Gimme That Java

Another little find from that Estate sale I attended last week was this little number.

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Mirro Percolator circa 1960s (photo courtesy of Vintage Eve’s)

Percolators. Those great little inventions that paved the way for my lovely automatic drip machine that turns on by itself, and more importantly, shuts off by itself! Can’t tell you how many times my stomach has flipped on my way to work wondering if I’d turned off my coffeepot. Now I don’t have to worry. But where did the percolator come from? Who designed this little marvel. Follow me down this rabbit hole and let’s find out.

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Berggren Scandinavian Percolator (photo courtesy of No Time Like Yesterday)

Good Housekeeping says that the first coffee bean was found in Ethiopia when a goat herder saw his herd moving with a lot of extra energy. They had been munching on coffee beans! After they figured out what the herd had been eating, they gathered up the beans and took them home. The women would then roast the green beans until they heard them crack. Let’s jump ahead a little.

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Vintage Coffee Maker (photo courtesy of RueDesOiseaux)

Did you know that the original way of making a pot of coffee was to throw the grounds into water and then boil it? Yummy! Nothing like chewing your cup o’ joe in the morning. There had to be a better way. I love retro but let’s face it, I really enjoy the modern amenities.

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GHC Enamelware Finesse Drip Coffeemaker (photo courtesy of Retro Thrift 305)

Fast forward to the French Press in the 1800s. The grounds were still in the water but the press came down and trapped the grounds at the bottom. This works well but leaves some grit and particles in the coffee.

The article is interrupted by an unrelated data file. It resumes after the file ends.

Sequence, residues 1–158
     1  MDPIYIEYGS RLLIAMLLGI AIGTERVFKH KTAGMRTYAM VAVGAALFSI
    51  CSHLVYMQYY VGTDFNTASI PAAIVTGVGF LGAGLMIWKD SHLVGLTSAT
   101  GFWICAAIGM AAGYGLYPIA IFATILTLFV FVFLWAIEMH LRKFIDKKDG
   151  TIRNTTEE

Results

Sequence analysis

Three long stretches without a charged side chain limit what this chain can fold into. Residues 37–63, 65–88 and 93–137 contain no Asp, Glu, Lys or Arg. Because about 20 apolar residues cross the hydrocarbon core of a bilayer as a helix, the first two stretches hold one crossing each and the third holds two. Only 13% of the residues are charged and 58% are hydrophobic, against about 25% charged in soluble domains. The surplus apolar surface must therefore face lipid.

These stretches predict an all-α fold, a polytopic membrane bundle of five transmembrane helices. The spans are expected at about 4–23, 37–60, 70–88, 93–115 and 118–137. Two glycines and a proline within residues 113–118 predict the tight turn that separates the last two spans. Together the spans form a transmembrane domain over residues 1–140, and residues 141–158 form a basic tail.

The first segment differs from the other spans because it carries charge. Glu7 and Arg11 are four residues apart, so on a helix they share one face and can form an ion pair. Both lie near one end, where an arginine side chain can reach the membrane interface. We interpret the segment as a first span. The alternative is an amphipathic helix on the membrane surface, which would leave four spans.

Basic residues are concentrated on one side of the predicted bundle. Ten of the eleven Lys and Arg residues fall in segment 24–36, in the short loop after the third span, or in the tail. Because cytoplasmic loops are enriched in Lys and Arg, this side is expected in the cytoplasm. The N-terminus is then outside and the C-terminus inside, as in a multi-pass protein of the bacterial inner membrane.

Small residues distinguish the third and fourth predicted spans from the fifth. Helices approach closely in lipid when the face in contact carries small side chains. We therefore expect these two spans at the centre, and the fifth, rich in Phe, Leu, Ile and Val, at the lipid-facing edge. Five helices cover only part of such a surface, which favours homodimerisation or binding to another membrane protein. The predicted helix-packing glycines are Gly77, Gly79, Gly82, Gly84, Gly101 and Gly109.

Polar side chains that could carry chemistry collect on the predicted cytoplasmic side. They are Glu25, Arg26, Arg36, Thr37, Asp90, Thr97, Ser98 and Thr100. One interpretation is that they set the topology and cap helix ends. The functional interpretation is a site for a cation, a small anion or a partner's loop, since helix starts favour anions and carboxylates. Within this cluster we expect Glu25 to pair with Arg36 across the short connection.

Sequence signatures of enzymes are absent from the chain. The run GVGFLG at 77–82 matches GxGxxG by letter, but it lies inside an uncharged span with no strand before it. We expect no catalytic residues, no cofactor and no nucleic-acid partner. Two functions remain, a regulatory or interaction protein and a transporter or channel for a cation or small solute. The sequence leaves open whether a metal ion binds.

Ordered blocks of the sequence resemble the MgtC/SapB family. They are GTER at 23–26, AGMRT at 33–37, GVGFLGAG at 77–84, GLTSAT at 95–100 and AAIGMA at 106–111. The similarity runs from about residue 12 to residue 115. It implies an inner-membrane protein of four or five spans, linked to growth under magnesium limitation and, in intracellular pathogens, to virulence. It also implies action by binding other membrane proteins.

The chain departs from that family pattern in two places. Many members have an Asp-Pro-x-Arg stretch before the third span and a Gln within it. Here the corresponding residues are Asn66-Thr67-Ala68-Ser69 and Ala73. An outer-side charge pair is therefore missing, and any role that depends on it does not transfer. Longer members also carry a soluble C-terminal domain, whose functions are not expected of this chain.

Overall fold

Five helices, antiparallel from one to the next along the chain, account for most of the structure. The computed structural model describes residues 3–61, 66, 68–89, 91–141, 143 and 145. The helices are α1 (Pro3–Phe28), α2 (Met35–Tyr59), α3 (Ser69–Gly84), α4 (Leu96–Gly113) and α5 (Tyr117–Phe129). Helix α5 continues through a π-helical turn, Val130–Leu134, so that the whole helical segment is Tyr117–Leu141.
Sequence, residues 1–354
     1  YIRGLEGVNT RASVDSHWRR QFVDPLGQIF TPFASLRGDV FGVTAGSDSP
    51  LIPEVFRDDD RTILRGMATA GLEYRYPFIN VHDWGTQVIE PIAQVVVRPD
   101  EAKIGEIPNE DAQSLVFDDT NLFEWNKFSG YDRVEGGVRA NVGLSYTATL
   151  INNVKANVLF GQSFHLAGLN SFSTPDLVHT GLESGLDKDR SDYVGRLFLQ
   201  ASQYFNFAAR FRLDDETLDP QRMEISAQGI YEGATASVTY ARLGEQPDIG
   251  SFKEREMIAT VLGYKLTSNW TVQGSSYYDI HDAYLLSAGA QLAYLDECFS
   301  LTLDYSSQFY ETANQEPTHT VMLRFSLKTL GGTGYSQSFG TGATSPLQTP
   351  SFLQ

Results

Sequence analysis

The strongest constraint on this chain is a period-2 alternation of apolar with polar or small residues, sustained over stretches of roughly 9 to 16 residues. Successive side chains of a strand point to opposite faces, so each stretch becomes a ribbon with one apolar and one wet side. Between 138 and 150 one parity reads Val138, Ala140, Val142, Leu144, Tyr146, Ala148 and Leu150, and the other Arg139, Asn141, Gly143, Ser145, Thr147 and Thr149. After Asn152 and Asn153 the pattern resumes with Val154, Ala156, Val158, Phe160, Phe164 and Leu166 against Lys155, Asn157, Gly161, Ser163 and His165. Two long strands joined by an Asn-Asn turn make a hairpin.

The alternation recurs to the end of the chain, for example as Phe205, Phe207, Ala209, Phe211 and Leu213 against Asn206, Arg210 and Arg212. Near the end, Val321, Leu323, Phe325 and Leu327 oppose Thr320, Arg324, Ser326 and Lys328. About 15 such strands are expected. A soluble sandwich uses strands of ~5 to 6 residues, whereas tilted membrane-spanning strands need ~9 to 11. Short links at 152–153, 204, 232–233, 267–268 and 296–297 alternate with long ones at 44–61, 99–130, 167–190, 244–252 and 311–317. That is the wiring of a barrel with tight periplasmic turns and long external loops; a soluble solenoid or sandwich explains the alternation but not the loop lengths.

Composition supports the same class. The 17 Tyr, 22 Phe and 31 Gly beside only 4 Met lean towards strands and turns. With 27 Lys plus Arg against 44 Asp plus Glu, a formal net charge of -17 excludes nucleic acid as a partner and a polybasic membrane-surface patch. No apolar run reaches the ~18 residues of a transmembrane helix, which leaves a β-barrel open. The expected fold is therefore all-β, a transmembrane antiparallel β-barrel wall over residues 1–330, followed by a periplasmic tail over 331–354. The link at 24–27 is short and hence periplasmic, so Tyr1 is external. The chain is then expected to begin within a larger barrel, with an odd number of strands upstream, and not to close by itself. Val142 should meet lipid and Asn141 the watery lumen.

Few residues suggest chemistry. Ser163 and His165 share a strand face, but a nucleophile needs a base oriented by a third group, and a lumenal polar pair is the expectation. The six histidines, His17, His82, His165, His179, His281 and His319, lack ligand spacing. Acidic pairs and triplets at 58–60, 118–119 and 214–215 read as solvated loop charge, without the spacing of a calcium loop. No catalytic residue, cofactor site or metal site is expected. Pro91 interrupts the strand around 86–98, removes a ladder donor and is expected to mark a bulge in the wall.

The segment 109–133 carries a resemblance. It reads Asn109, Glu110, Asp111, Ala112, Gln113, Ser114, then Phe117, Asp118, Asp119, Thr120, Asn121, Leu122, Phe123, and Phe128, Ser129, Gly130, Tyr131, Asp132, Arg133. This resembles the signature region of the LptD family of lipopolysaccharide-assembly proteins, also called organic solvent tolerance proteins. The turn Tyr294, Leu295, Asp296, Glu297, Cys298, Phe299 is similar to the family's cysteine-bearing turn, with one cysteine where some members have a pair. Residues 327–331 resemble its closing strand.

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Bodum French Press (photo courtesy of LEMmONyADEstAND)

Apparently someone else did not like picking grounds out of his teeth after his morning java. According to Serious Eats, the first percolator was patented by “Illinois’ native son and farmer Hanson Goodrich, who took out a patent for the pot in 1889. In his patent application, he describes a contraption that will create “a liquid which will be free of all grounds and impurities.””

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Pyrex Percolator (photo courtesy of Orchard8Retro)

The percolator works on a vacuum principle. The grounds are put into the basket at the top of a long tube. The tube is submerged in the water. As the water heats up, a vacuum is created and that causes the water to get sucked up into the tube which then “perks” or bubbles up and out over the grounds.

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Manning Bowman Electric Percolator (photo courtesy of Antiqueologae)

While the grounds stay in the basket, the water flows through the holes and back down into the pot. This was a definite improvement over the “throw in the grounds and boil” method; but because the water, which now was coffee, continued to circulate through and over the grounds, until the heat source was turned off, the coffee could become very bitter. A barista’s nightmare!

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Pyrexware Percolator circa 1970s (photo courtesy of ExquisitExchange)
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3 thoughts on “Gimme That Java

  1. Some seriously awesome coffee makers you’ve got pictured in your post. I love that one little purchase can send us on an historical adventure. Great post, Rheta–thanks for linking it up with us at Vintage Charm!

    Liked by 1 person

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